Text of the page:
Research Roundup

Pains cause smoking pangs

Discomfort may spur smokers to light up, finds a study by University of South Florida clinical psychology student Joseph Ditre, in the Journal of Abnormal Psychology (Vol. 117, No. 2).

Ditre and his adviser, Thomas H. Brandon, PhD, had 132 smokers ages 18 to 65 place their hands in either a painfully cold vat of water or one with lukewarm water. He then asked them to smoke a cigarette. The participants who put their hands in the cold water reported strong urges to smoke and lit their cigarettes about 1.5 seconds faster than the control group.

The results are particularly interesting in light of past research that shows that people with chronic pain tend to be smokers, Ditre says.

"If people are smoking in order to cope with pain, they may be smoking for different reasons than the average smoker," he notes.

For his dissertation, Ditre will see if he can break the link by having smokers use a pain-coping strategy and challenging their beliefs about smoking in response to pain.

Trust in mom

Children shouldn't take candy from strangers, but how about information?

Decades of research show that when children are learning about a new object's name or its function, they trust familiar people's information more than that of strangers. New research by Harvard University developmental psychology graduate student Kathleen Corriveau suggests that how pronounced the effect is traces back to infants' attachment to their mothers.

Corriveau enlisted 147 preschoolers and their mothers participating in a longitudinal study. As infants, the children had previously been sorted into three groups: secure (having a healthy attachment to their moms), insecure-avoidant (showing little attachment), and insecure-resistant (showing a very strong, clingy attachment).

Corriveau then had a child's mother and a stranger make conflicting claims about the identity or function of some object. In one scenario, children were shown a kneepad. Mom would snap the pad's straps like a slingshot while the stranger would put it on his head like a hat. Then Corriveau asked the children what the object was used for.

In another case, children were shown an image of an imaginary hybrid animal that was 75 percent bird and 25 percent fish. The mother would claim it was a fish; the stranger would say it was a bird. Then the child had to decide.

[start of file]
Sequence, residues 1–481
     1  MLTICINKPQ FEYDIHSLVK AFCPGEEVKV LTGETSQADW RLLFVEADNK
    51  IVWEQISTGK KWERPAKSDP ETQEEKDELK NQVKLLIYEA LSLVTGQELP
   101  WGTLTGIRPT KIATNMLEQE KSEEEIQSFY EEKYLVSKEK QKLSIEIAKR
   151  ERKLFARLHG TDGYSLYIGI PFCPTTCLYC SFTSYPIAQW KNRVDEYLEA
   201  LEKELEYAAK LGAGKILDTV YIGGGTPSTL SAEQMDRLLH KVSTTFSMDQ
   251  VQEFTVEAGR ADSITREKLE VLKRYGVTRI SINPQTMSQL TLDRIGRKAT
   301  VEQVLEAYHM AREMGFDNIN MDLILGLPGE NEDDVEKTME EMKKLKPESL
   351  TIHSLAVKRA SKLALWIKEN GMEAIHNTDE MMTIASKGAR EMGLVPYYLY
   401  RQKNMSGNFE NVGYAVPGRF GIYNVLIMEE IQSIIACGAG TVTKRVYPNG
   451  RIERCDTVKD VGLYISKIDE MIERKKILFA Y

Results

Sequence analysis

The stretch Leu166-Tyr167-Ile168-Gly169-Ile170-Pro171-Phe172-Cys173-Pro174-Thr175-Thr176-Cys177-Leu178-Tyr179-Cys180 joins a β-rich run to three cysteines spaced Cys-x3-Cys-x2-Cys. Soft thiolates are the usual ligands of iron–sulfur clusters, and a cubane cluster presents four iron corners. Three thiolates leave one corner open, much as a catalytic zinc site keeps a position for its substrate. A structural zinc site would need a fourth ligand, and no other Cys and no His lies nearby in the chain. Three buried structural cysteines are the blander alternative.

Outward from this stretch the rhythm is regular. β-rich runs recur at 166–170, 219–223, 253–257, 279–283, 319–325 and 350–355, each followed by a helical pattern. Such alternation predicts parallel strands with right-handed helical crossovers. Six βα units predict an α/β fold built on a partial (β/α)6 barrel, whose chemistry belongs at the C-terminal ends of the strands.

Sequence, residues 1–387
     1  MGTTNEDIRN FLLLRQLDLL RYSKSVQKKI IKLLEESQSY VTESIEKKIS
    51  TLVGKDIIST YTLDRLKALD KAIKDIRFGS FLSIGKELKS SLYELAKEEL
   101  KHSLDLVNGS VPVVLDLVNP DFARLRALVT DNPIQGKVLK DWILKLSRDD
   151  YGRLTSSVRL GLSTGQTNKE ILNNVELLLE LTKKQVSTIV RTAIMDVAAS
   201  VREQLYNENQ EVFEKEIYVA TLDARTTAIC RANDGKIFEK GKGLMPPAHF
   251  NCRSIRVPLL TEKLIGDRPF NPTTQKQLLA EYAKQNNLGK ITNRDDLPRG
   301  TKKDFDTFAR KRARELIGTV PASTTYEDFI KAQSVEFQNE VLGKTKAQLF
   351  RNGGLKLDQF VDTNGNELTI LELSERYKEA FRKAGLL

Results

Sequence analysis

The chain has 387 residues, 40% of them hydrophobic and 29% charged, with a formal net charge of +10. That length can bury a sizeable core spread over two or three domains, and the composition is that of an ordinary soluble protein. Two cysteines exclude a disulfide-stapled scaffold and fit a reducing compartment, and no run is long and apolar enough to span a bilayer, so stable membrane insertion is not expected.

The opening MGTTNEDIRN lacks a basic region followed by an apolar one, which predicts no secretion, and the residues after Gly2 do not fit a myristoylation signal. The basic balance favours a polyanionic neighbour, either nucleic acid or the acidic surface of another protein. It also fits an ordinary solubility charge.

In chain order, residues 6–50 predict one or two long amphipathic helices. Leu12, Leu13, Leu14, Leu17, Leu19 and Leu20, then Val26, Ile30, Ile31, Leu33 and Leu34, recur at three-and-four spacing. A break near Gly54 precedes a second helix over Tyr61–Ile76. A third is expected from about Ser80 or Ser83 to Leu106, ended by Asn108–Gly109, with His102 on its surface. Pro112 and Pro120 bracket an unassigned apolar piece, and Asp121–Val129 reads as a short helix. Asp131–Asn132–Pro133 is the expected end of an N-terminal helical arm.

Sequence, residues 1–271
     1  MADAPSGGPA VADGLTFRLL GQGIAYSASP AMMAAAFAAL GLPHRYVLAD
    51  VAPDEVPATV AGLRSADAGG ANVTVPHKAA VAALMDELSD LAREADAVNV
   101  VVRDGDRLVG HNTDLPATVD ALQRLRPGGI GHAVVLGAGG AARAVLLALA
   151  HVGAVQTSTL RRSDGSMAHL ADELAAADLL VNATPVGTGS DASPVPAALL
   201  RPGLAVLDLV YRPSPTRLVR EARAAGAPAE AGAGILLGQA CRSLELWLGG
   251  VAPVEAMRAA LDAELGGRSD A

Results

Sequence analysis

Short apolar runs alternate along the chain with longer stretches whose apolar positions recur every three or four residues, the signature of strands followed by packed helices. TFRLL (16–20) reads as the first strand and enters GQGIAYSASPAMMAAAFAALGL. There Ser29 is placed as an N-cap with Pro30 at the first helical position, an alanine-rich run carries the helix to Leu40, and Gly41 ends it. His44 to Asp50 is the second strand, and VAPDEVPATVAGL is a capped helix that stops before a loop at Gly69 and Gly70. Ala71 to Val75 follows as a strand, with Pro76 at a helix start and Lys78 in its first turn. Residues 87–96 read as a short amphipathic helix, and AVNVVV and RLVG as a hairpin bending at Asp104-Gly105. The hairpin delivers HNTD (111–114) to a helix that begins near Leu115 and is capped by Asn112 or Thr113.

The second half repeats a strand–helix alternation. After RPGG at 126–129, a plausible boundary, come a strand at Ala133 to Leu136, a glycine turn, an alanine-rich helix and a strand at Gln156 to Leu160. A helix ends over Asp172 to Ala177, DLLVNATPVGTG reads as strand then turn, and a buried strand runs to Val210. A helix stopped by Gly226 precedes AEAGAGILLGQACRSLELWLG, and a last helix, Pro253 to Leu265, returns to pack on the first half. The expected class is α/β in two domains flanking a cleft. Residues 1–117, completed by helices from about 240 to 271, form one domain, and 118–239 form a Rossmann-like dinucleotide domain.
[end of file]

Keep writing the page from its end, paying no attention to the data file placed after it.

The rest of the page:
Securely attached children trusted their mother if the perceptual information was unclear, like with the kneepad, and they trusted the stranger when the information available contradicted mom, as with the bird-fish. The insecure-avoidant children, however, preferred the stranger's information, while the insecure-resistant children would side with their moms even when they could see she was less correct.

Corriveau and her colleagues plan to continue to study the children to find out what longer-term effects these attachments have on learning and trusting. She hypothesizes that insecure-avoidant children might also have trouble learning from other familiar people, such as teachers. But on the other hand, she says, they might be less gullible to believe wrong information, even if it's from a trusted source.

"It's so interesting to see emotional development influencing the epistemic realm," she says.

Estrogen: A craving intensifier?

Female sugar fiends should be particularly wary of cocaine use, suggests research by University of Minnesota psychopharmacology student Justin Anker.

In a study in press in Behavioural Pharmacology, Anker gave four groups of rats the opportunity to self-administer cocaine: male sugar-loving rats, female sugar-loving rats, and male and female rats relatively indifferent to sugar. He found that the female sugar-loving rats used more cocaine than the other three groups. Additionally, the female sugar fiends continued to press the lever even when they knew the drug wasn't available, while the other animals were better at controlling themselves.

"Sugar craving and drug craving activate the same reward center in the brain, so there is probably an overlap there," says Anker.

Female hormones such as estrogen may ramp up that craving by making cocaine more pleasurable, according to past research by Anker and his colleagues. In his dissertation, Anker will explore whether progesterone can decrease cocaine binging in female rats, possibly laying the foundation for new addiction treatments.

Who carries the inhaler?

For asthmatic kids, managing their condition is a complex task. Many have to take several types of medication each day and track how often they use their rescue inhalers, all the while watching out for potential attack triggers. University of Florida clinical psychology student Stacey Simon is exploring how families divide up these responsibilities and how effective children feel they are at controlling their asthma symptoms. In a preliminary survey of 49 kids with asthma, ages 8 to 18, and their parents, she's finding that responsibility for asthma control seems to shift from parents to children around early adolescence—and that these teens may not always be up to the challenge.

"Adolescence is when adherence to treatment is typically lower," notes Simon, who presented her findings at APA's 2008 Annual Convention in Boston.

In addition, children and teens who feel confident in their ability to control their asthma—knowing how to operate a rescue inhaler, for instance—reported a higher quality of life, says Simon.

Through future research, Simon hopes to illuminate ways to increase treatment adherence and explore how parents shift responsibility for asthma management to their children.

By Sadie Dingfelder and Michael Price
gradPSYCH Staff